It certainly has been an amazingly busy offseason for the New York Giants. With the 2014 NFL Draft, the major free-agent moves and an overhaul of the offensive coaching staff complete, is seems like a good time to assess what we liked and what we did not like about the Giants' offseason.
As we have done occasionally throughout the offseason, we turn to a round-table discussion to get thoughts from of the Big Blue View staffers. Our Big Blue View Round Table question this time around asked each writer for his best and worst move of the Giants' offseason.
Bar none my favorite move that the Giants made this offseason isn’t any player acquisition, and there sure have been a lot, but rather the hiring of Ben McAdoo as offensive coordinator. With the fireworks that transcended upon East Rutherford in the form of a frantic, hectic and action-packed free agency, McAdoo has gone a little under the radar, but from the little we’ve learned about the offense is exciting. For years and years, the New York Giants have been as vanilla as one get get on the offensive side of the ball and it appears as if that’s going to change drastically this year. No-huddle, quick release and other additions are exactly what Eli Manning needs to reboot a career that was once thought to be on the fast track to Canton.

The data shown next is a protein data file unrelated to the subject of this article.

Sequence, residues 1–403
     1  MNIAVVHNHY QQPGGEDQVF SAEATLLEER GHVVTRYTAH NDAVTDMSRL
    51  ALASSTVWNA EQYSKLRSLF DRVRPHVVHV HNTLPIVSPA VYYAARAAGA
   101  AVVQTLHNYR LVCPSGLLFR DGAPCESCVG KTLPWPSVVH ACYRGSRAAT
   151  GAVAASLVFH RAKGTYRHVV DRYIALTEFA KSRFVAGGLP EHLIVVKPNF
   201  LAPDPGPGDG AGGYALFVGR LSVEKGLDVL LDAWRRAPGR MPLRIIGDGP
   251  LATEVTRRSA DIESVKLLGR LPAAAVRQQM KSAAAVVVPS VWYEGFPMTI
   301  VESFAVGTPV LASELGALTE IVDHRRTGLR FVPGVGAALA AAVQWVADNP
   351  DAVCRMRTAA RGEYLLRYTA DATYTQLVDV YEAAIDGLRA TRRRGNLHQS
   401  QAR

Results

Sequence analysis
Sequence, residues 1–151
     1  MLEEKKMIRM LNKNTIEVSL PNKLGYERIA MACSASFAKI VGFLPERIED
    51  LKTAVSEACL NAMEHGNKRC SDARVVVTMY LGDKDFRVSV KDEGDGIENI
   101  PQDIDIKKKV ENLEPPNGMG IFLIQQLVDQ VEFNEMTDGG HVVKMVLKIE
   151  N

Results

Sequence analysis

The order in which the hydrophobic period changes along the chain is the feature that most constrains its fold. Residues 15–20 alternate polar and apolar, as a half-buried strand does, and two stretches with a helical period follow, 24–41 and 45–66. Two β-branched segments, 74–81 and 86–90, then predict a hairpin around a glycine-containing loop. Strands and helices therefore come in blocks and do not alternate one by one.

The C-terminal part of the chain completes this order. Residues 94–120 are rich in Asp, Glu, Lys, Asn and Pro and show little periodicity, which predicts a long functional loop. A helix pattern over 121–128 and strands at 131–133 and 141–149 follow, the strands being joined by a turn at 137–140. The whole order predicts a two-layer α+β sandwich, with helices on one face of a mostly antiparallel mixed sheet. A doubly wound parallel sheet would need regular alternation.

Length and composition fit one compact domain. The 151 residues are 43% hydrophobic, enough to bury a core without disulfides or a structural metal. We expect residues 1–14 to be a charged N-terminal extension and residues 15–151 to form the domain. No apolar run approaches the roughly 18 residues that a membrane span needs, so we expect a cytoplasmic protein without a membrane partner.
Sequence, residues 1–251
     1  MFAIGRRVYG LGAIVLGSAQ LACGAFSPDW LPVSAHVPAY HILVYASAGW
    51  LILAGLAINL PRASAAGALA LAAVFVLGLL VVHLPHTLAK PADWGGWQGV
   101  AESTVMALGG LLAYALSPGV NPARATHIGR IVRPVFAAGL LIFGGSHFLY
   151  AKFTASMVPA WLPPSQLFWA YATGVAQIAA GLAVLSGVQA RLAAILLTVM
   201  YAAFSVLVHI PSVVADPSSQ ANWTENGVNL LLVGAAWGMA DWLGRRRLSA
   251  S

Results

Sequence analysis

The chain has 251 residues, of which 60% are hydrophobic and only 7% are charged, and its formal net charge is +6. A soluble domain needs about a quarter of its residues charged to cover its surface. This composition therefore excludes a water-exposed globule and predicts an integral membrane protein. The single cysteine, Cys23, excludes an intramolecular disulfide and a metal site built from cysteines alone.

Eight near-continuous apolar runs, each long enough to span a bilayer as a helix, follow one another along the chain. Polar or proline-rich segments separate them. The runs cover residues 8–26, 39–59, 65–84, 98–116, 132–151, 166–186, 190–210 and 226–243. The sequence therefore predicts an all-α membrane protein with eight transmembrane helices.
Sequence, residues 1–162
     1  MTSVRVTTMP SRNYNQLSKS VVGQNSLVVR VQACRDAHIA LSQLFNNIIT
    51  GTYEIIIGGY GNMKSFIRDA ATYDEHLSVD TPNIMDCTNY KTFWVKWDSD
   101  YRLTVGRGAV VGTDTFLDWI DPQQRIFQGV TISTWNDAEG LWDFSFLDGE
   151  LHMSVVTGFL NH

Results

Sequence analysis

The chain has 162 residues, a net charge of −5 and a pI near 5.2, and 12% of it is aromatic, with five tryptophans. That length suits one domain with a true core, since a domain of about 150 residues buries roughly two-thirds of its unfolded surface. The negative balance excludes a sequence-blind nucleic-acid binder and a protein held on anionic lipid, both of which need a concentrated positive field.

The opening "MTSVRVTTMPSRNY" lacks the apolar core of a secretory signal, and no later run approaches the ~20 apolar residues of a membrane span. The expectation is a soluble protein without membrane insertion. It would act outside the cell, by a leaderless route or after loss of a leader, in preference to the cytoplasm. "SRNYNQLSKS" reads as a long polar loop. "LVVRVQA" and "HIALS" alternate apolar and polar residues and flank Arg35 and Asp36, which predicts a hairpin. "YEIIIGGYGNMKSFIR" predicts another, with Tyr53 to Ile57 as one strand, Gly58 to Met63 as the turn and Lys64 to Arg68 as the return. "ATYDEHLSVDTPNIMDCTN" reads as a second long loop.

My least favorite move this offseason is the one that was not made and that's the resigning of Justin Tuck. Initially when Tuck was let go, I assumed it was for money reasons. The Raiders, as has been the case on countless other occasions, overpaid for the captain's services and as a result he took a red-eye to the opposite coast. But that wasn't the case with Tuck, he did everything except play for free, and Reese and Co. let him walk. I understand, Tuck is not the same player he was three, four, or five years ago and his best days are behind him, but there is $3 million of unused salary cap sitting in Reese's pocket. Who exactly is that going to go to? What about the $5 million free'd up June 1 when the David Baas cut becomes official? Where is that going to go?
Justin Tuck was a leader on the team, a damn good player against the run and the definition of what New York Giants' football is. So why let him walk when it didn't have to do with the money? It wasn't like Tuck was sitting there asking for a four-year contract at $6 million a year, a two-year deal would have cut it. Antrel Rolle did an admiral job as captain last year, and Jon Beason seems set to take some leadership responsibilities as well, but is there such a thing as too many captains? That certainly wasn't the case during the draft.